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19 Jul 2016

HubSpot CMS: The CMS for designers and programmers

HubSpot-CMS-The-CMS-For-Designers-And-Programmers.jpg

If you're anything like many of the clients that we take on, you have started with Wordpress and added plug-ins as required. When considering moving to a platform like Hubspot designed with inbound marketing in mind, some still fear leaving behind Wordpress. After all, the great thing about WordPress is it’s open source. The template system is so straightforward, there’s tens of thousands of designers and developers all over the world who can work on your site, changing and adding functionality to it. Moving to a proprietary system like HubSpot COS compared to the functionality of Wordpress seems like madness surely?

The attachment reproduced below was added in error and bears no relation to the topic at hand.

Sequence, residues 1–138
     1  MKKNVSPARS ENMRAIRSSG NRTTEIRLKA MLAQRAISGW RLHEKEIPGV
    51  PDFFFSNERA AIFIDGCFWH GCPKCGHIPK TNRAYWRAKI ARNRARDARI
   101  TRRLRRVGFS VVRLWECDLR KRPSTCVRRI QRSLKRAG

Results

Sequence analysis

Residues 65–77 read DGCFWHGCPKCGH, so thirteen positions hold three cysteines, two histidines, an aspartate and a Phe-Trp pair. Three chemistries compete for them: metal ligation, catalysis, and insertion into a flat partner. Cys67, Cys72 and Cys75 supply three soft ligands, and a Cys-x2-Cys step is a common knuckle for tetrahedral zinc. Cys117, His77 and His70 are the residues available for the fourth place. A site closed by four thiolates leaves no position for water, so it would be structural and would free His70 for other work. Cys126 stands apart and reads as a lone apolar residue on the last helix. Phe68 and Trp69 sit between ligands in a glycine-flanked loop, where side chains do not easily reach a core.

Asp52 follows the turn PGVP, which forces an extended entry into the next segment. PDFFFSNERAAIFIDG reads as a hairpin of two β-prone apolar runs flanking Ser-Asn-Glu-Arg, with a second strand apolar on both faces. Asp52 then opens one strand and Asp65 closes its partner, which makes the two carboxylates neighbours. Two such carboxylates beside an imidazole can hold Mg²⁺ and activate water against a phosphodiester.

The COS system is very much geared to being editable by marketing more than it is by designers and developers, but that doesn't mean it excludes designers from being creative nor HubSpot certified COS developers from creating custom functionality. Here’s a few reasons why you’re not tied to the original agency throughout the lifetime of this iteration of the your site, as well as why any designer and developer should be happy to work with the COS system.

 

Twitter Bootstrap

The Twitter Bootstrap is 'the most popular HTML, CSS, and JS framework for developing responsive, mobile first projects on the web’. It has been around for about 5 years now and is about to head into its 4th version. Any designer worth his salt will have used Bootstrap at one time or another for a responsive project, and it underpins the responsive elements of HubSpot's responsive framework, front end and in the template editor, and as such it should be a straightforward task for any web designer to jump right in and start creating pages in COS.